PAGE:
Search Images Maps Play YouTube News Gmail Drive More »
Sign in
Screen reader users: click this link for accessible mode. Accessible mode has the same essential features but works better with your reader.

Patents

  1. Advanced Patent Search
Publication numberUS5146235 A
Publication typeGrant
Application numberUS 07/627,036
Publication dateSep 8, 1992
Filing dateDec 13, 1990
Priority dateDec 18, 1989
Fee statusLapsed
Also published asDE4040223A1
Publication number07627036, 627036, US 5146235 A, US 5146235A, US-A-5146235, US5146235 A, US5146235A
InventorsStefan Frese
Original AssigneeAkg Akustische U. Kino-Gerate Gesellschaft M.B.H.
Export CitationBiBTeX, EndNote, RefMan
External Links: USPTO, USPTO Assignment, Espacenet
Helical uhf transmitting and/or receiving antenna
US 5146235 A
Abstract
A helical UHF transmitting and/or receiving antenna for electromagnetic waves in the frequency range of between 400 MHz and 1000 MHz. The helical antenna is arranged within a closed housing which is permeable to HF radiation. The UHF signal is supplied to an end of the helical antenna through a coaxial connector. The helix of the antenna has at least one and a half turns but not more than ten turns. Diameter, height and total length of the antenna wire are very small in comparison to the wave length. A mechanically-operated device permits a continuous change of the height of the antenna helix in axial direction thereof or of the diameter transversely of the antenna axis.
Images(2)
Previous page
Next page
Claims(2)
I claim:
1. A helical UHF transmitting and/or receiving antenna for electromagnetic waves in the frequency range of between 400 MHz and 1000 MHz, the waves having wave lengths, the antenna including a wire having the shape of a helix, the helix having an axis and a height, the helical wire being mounted within a closed housing which is permeable to HF radiation, a coaxial connector for supplying a UHF signal to an end of the helical wire, the helix having between one and a half of ten turns, the helical wire having a diameter, a height and a total length which are substantially smaller than the wave lengths, means for continuously changing the height of the helix by at most onethird of its height, the means for continuously changing the height of the helix comprising a rod having a fine thread extending in the axis of the helix, and a cap-shaped trimming disk having a fine thread and being rotatable on the rod, the trimming disk being movable on the rod in axial direction of the rod, further comprising a wing nut rotatably mounted on the rod and rigidly connected to the trimming disk, means for locking the trimming disk against torsion force of the helical wire, the helical wire having two ends, a base plate fixedly attached to one of the ends of the helical wire remote from the trimming disk, the base plate and the trimming disk having solder sleeves, the helical wire being attached by means of solder connections to the solder sleeve of the base plate and the trimming disk, wherein rotation of the wing nut results in continuous change of the diameter of the helical wire, wherein the trimming disk and the rod are of high-grade HF insulating material.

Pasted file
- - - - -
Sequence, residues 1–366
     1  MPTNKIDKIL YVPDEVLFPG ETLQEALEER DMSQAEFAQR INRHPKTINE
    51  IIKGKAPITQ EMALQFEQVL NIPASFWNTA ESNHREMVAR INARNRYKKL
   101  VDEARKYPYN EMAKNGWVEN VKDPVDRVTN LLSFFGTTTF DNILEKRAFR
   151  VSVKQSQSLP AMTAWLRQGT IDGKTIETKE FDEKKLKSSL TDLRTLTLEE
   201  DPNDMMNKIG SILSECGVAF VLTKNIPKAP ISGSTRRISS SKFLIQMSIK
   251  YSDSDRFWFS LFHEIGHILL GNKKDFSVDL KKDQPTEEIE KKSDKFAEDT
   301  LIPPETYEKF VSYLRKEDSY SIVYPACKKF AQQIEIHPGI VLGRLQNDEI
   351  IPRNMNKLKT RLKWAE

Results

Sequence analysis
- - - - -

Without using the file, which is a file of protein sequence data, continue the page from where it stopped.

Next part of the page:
2. The helical antenna according to claim 1, comprising a rod-shaped insulator of high-grade HF insulating material for spacing the base plate from the coaxial connector and a piece of coaxial cable for supplying the UHF signal to the helical wires.
Description
BACKGROUND OF THE INVENTION

1. Field of the Invention

The present invention relates to a UHF transmitting and/or receiving antenna in the form of a helical antenna for electromagnetic waves in the frequency range of between 400 MHz and 1000 MHz. The helical antenna is arranged within a closed housing which is permeable to HF radiation. The UHF signal is supplied to an end of the helical antenna through a coaxial connector. The helix of the antenna has at least one and a half turns but not more than ten turns. Diameter, height and total length of the stretched-out wire are very small in comparison to the wave length. A mechanically operated device permits a continuous change of the height of the antenna helix along the axis thereof.

2. Description of the Related Art

Helical antennas of the above-described type are known and are described, for example, in the book "Antennas" by John D. Kraus, McGraw Hill Book Company, 1950, chapter 7, pages 173 to 216. When the geometric dimensions of the antenna, primarily the length of the turns, remain small as compared to the wave lengths, the state of radiation of the helical antenna in the distant field is equal to that of a dipole antenna. The direction of maximum radiation of the antenna extends in the distant field in a plane extending perpendicularly to the helix axis, so that the helical antenna operates as an omnidirectional antenna with the axis of the helix as the axis of symmetry. The distant field of such a helical antenna is an elliptic field which becomes a circularly polarized field under the condition ##EQU1## wherein D is the diameter of the helix and s is the pitch of the turns of the helix.

Compared to a λ/4 dipole antenna, the helical antenna provides the advantage that it can be of geometrically smaller size for radiating the same wave length without losing substantial transmission power as compared to a rod antenna. For example, the structural height of a helical antenna can be reduced to 20% as compared to a λ/4 dipole antenna, while maintaining an efficiency of 80% of the λ/4 dipole antenna. Since the helical antenna naturally has a high input resistance, accommodating connections, as they are usually required when the height of dipole antennas is reduced, are not necessary.